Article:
What are Hydroxy Acids?

Skin Care
Hydroxy Acids

Along with retinoids and vitamin C, hydroxy acids (HA) are among some of the most well-documented topical compounds in the field of dermatology. While glycolic and salicylic acid remain the most prevalent and ubiquitous, several new additions have been making waves in the cosmetic and medical industries such as lactobionic acid. But before we discuss specific hydroxy acids, we need to know what they are.

What defines a hydroxy acid? 

Hydroxy Acid Definition Structure

The most basic definition of an HA is a carboxylic acid, which is an organic acid that has at least one carboxyl (carbon double-bonded to oxygen) group. However, that general definition includes unrelated compounds like retinoic acid, L-ascorbic acid, and azelaic acid. Therefore, further qualifications need to be identified.

How do they differ from each other?

Four Kinds Types of Hydroxy Acids

There are four types of HAs: Alpha HA (AHA)Beta HA (BHA)Salicylic Acid (SA), and Poly-HA (PHA).

  • AHAs are carboxylic acids with one hydroxyl group attached at the “Alpha” position of the carboxyl group, meaning that the two functional groups are separated by ONE carbon atom. AHAs include the glycolic, lactic, and phytic acids.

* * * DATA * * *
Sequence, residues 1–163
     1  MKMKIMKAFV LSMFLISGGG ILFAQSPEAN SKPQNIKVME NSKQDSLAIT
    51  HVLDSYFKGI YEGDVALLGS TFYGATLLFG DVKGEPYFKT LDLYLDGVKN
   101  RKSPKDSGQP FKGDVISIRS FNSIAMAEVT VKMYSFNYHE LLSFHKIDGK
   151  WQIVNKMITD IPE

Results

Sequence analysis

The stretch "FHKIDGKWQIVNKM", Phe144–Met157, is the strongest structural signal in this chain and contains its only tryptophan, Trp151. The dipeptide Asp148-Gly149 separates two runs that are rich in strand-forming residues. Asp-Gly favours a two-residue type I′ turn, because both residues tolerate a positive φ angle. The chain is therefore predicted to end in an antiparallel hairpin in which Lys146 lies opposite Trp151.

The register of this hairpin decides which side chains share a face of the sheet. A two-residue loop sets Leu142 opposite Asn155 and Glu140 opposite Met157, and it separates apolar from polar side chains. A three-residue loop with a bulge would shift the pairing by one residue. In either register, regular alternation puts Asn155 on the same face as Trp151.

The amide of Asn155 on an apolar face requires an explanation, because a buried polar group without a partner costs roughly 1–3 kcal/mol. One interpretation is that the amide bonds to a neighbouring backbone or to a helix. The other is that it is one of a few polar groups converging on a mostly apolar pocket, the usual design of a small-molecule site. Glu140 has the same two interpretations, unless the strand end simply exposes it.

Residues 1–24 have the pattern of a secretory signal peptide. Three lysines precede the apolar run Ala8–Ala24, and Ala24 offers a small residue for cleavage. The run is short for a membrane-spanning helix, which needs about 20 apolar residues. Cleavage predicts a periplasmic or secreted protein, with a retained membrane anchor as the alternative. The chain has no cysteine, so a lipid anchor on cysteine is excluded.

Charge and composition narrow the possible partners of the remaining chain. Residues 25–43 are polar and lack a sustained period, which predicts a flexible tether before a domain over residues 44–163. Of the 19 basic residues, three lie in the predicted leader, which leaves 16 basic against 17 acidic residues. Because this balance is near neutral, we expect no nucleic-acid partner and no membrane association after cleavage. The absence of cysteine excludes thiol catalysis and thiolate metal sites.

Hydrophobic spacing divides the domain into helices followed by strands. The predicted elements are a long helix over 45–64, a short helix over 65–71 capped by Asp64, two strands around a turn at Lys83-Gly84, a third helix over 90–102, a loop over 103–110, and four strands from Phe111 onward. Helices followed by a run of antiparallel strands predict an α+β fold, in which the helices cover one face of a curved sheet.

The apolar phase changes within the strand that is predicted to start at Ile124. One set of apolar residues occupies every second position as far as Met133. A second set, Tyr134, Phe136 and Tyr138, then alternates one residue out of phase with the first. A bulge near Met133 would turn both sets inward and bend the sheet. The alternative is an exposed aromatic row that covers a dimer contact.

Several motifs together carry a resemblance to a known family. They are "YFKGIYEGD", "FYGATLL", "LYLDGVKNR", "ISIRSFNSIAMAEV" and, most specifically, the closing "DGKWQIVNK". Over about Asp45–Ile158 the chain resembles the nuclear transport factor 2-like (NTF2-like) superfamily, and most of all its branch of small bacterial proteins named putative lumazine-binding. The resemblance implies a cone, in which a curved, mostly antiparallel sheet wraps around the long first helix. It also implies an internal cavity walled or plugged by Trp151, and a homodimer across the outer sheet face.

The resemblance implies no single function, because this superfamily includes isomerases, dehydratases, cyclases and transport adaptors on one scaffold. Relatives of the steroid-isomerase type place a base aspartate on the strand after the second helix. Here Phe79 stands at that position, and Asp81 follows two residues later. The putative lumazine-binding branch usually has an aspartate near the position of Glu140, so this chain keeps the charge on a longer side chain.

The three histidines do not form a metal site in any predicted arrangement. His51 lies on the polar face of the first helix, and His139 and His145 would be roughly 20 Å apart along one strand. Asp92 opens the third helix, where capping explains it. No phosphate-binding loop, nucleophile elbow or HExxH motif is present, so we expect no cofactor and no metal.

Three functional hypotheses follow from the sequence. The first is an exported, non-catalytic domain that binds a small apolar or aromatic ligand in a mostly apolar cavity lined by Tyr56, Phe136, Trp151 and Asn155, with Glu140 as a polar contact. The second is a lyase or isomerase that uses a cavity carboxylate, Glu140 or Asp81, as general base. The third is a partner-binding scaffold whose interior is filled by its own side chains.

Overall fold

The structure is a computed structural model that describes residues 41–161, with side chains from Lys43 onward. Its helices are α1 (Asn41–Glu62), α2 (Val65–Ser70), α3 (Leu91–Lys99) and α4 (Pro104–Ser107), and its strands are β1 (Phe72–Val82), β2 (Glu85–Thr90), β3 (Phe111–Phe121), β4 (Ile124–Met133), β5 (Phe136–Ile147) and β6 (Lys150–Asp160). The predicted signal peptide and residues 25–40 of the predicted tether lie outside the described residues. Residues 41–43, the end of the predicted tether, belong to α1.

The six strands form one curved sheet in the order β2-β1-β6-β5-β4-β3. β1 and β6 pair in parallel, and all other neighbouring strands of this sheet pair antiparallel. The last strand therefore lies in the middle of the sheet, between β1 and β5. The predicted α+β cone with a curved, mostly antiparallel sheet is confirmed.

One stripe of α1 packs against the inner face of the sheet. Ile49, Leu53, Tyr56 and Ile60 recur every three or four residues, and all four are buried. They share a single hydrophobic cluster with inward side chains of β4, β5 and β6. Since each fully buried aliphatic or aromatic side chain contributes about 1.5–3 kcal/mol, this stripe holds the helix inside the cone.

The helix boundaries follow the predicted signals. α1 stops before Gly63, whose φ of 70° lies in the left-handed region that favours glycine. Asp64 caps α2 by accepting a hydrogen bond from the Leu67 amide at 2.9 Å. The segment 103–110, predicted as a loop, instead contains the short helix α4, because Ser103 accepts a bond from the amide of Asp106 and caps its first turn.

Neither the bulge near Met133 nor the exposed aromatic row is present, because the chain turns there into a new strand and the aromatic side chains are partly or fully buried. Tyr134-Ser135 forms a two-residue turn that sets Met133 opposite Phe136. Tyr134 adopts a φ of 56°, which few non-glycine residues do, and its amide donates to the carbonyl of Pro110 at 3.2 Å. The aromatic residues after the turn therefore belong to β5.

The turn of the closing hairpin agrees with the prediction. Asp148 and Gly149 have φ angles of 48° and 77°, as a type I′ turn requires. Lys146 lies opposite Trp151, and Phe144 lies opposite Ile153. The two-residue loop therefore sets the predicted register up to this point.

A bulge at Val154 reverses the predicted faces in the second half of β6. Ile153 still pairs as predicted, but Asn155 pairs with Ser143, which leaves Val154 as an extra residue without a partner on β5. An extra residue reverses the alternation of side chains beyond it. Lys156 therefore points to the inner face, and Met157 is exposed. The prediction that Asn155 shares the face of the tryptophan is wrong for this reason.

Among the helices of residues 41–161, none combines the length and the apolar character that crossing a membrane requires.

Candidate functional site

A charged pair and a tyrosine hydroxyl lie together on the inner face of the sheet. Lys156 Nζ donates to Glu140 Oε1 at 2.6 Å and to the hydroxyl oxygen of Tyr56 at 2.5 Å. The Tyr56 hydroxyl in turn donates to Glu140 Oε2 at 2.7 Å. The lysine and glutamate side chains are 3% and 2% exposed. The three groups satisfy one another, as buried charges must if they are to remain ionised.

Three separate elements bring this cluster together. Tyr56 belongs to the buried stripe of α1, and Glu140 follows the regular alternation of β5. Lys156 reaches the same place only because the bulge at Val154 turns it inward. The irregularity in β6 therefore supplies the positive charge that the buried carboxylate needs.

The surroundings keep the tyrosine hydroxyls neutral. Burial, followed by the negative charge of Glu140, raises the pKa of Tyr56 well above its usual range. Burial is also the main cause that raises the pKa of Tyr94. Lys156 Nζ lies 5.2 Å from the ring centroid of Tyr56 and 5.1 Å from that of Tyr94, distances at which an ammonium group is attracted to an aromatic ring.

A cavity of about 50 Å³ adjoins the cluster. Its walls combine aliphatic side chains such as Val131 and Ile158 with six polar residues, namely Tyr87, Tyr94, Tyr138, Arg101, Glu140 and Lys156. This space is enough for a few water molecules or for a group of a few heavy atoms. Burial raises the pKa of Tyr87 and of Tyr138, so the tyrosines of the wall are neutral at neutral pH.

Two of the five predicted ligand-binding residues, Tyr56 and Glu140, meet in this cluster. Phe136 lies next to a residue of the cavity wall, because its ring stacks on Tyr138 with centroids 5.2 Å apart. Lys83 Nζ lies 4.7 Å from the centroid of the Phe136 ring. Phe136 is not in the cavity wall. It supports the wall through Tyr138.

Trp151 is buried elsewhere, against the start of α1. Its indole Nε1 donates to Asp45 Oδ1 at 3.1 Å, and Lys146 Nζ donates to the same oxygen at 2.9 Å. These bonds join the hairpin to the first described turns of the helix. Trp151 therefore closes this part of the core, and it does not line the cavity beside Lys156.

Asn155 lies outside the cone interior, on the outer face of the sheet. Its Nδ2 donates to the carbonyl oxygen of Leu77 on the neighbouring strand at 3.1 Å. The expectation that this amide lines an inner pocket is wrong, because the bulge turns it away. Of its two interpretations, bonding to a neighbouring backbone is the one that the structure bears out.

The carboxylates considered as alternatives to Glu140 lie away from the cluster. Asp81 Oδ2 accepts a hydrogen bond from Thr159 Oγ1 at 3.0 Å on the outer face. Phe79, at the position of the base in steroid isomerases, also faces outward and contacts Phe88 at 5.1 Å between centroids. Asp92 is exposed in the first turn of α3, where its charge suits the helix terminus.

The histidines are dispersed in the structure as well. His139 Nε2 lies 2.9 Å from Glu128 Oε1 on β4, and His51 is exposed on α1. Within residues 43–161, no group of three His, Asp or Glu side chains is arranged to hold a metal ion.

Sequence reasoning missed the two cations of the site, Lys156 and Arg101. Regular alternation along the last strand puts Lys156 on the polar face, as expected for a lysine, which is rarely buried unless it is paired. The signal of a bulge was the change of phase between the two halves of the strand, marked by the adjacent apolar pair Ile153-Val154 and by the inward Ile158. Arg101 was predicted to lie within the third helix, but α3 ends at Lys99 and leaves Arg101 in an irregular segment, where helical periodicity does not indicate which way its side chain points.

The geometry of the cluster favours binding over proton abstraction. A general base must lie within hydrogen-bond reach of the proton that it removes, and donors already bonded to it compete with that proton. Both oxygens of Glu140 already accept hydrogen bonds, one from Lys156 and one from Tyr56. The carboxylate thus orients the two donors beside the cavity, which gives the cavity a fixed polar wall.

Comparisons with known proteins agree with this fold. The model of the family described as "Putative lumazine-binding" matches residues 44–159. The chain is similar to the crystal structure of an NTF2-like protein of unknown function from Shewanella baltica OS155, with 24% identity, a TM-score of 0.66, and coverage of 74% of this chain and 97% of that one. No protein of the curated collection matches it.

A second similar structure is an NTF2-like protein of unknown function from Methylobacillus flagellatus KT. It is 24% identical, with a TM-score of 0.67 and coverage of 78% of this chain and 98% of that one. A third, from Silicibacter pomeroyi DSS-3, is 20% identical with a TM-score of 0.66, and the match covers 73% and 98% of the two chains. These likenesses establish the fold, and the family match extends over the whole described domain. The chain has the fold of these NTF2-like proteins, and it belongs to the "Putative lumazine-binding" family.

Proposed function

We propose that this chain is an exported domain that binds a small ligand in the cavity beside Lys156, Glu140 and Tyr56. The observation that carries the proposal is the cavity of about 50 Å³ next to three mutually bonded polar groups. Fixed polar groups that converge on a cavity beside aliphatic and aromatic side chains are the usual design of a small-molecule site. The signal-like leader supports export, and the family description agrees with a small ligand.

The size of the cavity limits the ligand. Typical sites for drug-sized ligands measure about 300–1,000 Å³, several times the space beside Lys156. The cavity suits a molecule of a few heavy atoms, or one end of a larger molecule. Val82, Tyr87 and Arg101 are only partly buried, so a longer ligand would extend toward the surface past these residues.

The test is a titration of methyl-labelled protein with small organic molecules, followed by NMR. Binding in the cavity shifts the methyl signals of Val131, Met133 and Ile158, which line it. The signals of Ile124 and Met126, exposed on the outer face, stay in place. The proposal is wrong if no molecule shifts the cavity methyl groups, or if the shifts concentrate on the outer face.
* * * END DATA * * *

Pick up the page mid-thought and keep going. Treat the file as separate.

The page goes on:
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And that’s a wrap! I hope this clarified the structural differences between the various HAs that are encountered in cosmetic formulations. I know this post is short compared to my usual novels, but I’ve decided to break down this topic discussion into THREE parts. Tomorrow, we’ll be talking about HOW the various HAs are used, and WHAT their mechanisms of action are. Part III will be about the common misconceptions of HAs. So stay tuned!

Contributing author: John Su

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2 thoughts on “What are Hydroxy Acids?

  1. aky_17 says:

    So are you saying that BHA and salycilic acid are different? Because as I know, Paulas Choice BHA 2 liquid contains 2% of salycilic acid. It is a bit confusing for me… Thanks

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